Virus-cell membrane interactions - Binding studies of Herpes Simplex Virus using surface-sensitive techniques
Licentiate thesis, 2016
Viruses are parasites capable of infecting all forms of life. They lack the ability to replicate by themselves and therefore hijack the replication machinery of cells to produce new viral copies, called virions. Two steps of this replication cycle are of particular interest in the frame of this thesis: the initial attachment of the virus to the cell membrane and the release of the virus from the cell membrane after infection. One virus for which these mechanisms are still under investigation is the herpes simplex virus (HSV). HSV is commonly known for causing blisters on the skin or mucosa of the lips, mouth or genitals. In rare cases, it can migrate to the central nervous system, causing meningitis or encephalitis. HSV is an enveloped DNA virus that binds to the cell membrane via interactions between viral glycoproteins and cell-surface sulfated polysaccharide chains, called glycosaminoglycans (GAGs).
The main focus of the work presented here was the interaction between HSV and surface immobilized GAGs. The individual GAG chains were end-grafted to a sensor surface to mimic the brush-like architecture of GAGs found close to the cell surface. Total internal reflection fluorescence microscopy (TIRFM) was used to extract information on binding kinetics and mobility of single fluorescently labeled HSV particles. Two aspects of the HSV-GAG interaction were studied in detail: First, the influence of the sulfation of the GAG chains on the binding characteristics, and second, the role of glycosylation of the viral glycoproteins. Binding studies of HSV to different GAGs showed that the degree of sulfation of the GAG influences the binding affinity of HSV. Furthermore, single particle tracking (SPT) analysis revealed that HSV diffuses on the GAG surface and that this mobility is influenced by the affinity of the HSV-GAG bonds. Finally, experiments involving virus mutants demonstrated that the glycosylation of the viral glycoproteins plays a critical role in the release of HSV virions from the surface of infected cells.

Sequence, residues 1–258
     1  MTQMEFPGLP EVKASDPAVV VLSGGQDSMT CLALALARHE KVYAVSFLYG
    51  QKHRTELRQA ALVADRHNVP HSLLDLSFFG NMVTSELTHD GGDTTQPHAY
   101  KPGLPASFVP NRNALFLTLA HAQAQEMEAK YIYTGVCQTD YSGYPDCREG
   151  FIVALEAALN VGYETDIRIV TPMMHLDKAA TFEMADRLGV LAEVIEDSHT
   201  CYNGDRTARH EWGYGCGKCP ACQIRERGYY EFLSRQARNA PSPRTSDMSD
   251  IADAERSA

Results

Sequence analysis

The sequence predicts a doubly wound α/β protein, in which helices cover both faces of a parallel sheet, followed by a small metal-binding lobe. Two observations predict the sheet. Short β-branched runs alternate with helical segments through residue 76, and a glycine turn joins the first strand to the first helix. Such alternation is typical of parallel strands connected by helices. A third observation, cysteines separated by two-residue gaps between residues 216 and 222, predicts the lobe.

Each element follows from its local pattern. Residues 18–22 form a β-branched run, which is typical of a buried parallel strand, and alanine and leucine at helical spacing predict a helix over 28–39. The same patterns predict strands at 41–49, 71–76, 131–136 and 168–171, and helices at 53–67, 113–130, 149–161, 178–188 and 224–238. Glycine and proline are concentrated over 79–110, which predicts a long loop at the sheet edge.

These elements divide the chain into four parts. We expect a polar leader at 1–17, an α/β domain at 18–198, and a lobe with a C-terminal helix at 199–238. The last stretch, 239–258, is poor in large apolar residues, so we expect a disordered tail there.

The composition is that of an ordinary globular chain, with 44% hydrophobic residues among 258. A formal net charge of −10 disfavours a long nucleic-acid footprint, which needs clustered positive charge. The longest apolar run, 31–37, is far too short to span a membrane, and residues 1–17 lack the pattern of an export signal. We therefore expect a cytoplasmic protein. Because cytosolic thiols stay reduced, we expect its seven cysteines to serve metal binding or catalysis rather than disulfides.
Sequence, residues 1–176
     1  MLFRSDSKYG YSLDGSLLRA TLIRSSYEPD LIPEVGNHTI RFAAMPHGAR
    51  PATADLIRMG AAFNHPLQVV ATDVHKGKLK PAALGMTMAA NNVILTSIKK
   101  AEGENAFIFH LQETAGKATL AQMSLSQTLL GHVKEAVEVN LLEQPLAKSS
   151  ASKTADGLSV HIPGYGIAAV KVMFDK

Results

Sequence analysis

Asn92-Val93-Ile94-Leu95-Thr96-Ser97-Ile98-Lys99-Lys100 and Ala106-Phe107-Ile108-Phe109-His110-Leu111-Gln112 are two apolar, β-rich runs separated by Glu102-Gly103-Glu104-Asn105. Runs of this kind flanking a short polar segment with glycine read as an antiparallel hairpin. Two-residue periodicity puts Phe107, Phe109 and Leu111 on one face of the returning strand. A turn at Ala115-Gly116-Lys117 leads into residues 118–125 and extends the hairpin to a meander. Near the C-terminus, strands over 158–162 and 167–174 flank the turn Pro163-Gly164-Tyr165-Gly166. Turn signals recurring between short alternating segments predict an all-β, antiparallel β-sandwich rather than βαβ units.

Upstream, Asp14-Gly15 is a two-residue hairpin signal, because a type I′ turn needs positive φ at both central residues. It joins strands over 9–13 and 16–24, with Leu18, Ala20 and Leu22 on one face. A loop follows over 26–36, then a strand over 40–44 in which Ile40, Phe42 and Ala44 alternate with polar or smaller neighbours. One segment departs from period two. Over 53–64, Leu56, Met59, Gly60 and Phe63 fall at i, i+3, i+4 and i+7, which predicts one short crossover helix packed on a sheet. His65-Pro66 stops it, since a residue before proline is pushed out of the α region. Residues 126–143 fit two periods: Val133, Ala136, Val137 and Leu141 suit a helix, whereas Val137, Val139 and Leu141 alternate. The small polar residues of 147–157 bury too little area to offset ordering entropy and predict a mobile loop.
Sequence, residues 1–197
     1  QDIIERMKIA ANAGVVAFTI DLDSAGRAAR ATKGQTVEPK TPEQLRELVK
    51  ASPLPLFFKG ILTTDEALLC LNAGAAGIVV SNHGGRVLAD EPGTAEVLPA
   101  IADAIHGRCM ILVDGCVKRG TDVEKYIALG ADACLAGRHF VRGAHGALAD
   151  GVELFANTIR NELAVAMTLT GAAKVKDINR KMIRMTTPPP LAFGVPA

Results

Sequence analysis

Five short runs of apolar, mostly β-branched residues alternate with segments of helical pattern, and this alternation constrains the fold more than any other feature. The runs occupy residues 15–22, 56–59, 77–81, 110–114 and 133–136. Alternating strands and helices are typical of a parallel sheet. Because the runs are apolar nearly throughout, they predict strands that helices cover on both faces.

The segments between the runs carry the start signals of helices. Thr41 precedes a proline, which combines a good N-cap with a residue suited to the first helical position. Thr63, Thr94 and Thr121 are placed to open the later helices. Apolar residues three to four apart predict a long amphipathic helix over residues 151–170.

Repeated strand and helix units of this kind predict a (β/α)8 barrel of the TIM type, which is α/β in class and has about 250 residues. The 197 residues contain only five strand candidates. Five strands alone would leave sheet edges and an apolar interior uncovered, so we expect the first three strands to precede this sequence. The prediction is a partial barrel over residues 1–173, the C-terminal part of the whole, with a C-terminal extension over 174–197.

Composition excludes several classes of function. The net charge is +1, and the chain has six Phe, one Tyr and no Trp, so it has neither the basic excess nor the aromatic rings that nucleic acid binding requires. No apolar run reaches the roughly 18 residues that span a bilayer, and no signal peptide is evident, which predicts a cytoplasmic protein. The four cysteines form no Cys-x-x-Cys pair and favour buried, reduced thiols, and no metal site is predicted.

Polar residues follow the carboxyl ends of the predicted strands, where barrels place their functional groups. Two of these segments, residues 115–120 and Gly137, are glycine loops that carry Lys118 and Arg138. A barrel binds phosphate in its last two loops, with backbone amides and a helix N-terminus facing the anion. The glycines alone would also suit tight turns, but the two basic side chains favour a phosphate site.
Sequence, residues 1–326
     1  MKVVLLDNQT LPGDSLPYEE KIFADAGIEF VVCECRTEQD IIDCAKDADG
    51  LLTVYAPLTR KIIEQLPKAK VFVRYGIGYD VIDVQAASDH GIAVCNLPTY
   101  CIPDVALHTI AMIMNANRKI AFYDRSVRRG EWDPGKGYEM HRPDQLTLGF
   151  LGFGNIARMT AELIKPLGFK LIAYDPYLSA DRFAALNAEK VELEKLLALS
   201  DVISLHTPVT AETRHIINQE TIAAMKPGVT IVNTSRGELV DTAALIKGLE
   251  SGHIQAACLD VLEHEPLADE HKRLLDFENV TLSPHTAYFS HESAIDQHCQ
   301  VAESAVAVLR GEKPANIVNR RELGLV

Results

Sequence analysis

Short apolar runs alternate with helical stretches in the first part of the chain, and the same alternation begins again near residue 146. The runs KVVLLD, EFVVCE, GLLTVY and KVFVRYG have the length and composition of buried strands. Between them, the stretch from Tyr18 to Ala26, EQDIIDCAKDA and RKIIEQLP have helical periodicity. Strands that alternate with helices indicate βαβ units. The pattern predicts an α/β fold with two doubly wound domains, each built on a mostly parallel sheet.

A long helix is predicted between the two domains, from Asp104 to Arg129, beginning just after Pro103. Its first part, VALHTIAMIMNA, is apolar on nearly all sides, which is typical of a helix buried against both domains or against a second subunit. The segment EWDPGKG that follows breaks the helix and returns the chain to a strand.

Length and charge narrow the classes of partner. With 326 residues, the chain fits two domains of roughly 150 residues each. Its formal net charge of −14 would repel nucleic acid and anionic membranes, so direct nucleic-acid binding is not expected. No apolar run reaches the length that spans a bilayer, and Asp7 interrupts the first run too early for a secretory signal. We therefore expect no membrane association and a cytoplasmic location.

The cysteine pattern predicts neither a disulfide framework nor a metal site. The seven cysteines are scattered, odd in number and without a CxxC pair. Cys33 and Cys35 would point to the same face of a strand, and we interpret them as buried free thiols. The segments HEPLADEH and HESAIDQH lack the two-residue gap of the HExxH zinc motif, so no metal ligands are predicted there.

Taken together, two aspects modulating the interaction between the herpes simplex virus and glycosaminolgycans were identified in this thesis, providing new insights into the mechanisms that regulate the initial attachment of the virus to the cell membrane and its release from the cell membrane after infection. In addition, the mobility of the HSV particles observed with the model system suggests that the virus is able to diffuse on the cell membrane in vivo.
single particle tracking
herpes simplex virus